02 March 2023, by Victoria Séveno
Safe Traffic Netherlands (VVN), an organisation monitoring road safety in the Netherlands, has called for the speed limit on provincial roads (N-roads) to be lowered from 80 to 60 kilometres an hour in order to prevent traffic accidents.
41 percent of fatal traffic accidents happen on provincial roads
According to figures from the Dutch police, 41 percent of all fatal traffic accidents in the Netherlands take place on 60 and 80-kilometre-an-hour roads, generally known as provincial roads and signposted with an N. According to VVN, speed regularly plays a significant role in the majority of traffic accidents.
Managed, as the name suggests, by the provinces, provincial roads are narrower than motorways, and are typically single or dual-carriageways. They generally also have narrow shoulders and are lined by trees, or even houses and businesses.
VVN calling for reduced speed limits and stricter enforcement
VVN, therefore, argues that provincial roads are not appropriately safe: “The government has opted for the so-called risk-driven approach and then it is not appropriate that 80 kilometres can be driven on a road with trees at a distance of 60 centimetres.”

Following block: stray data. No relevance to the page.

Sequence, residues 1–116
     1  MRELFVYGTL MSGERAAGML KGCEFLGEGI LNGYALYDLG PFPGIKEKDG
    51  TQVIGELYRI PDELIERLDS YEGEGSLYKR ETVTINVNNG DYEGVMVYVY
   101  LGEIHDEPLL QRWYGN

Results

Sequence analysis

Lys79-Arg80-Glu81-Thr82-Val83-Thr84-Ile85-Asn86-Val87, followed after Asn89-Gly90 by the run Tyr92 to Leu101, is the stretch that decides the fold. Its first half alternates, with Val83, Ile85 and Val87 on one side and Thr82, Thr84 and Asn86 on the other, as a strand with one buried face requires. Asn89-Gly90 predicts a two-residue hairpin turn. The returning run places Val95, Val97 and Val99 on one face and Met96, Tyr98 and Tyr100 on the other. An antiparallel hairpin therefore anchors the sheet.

The organisation is calling for reduced speed limits, tougher rules and stricter enforcement, specifically on N-roads: “Section checks, mobile unmanned control systems and higher fines for excessive offenders that can ensure more effective enforcement, seem to be mainly reserved for the main road network, while they may also offer opportunities for 60 and 80-kilometre roads.”
Improving road safety in the Netherlands
VVN isn’t the only group concerned about Dutch speed limits. Last year, Utrecht presented a plan to reduce the speed limit on 20 percent of provincial roads in the province to 60 kilometres an hour, while this year drivers in Amsterdam will see the speed limit on 270 kilometres of city roads be reduced to 30 kilometres per hour.
Thumb: Jan van der Wolf via Shutterstock.com.
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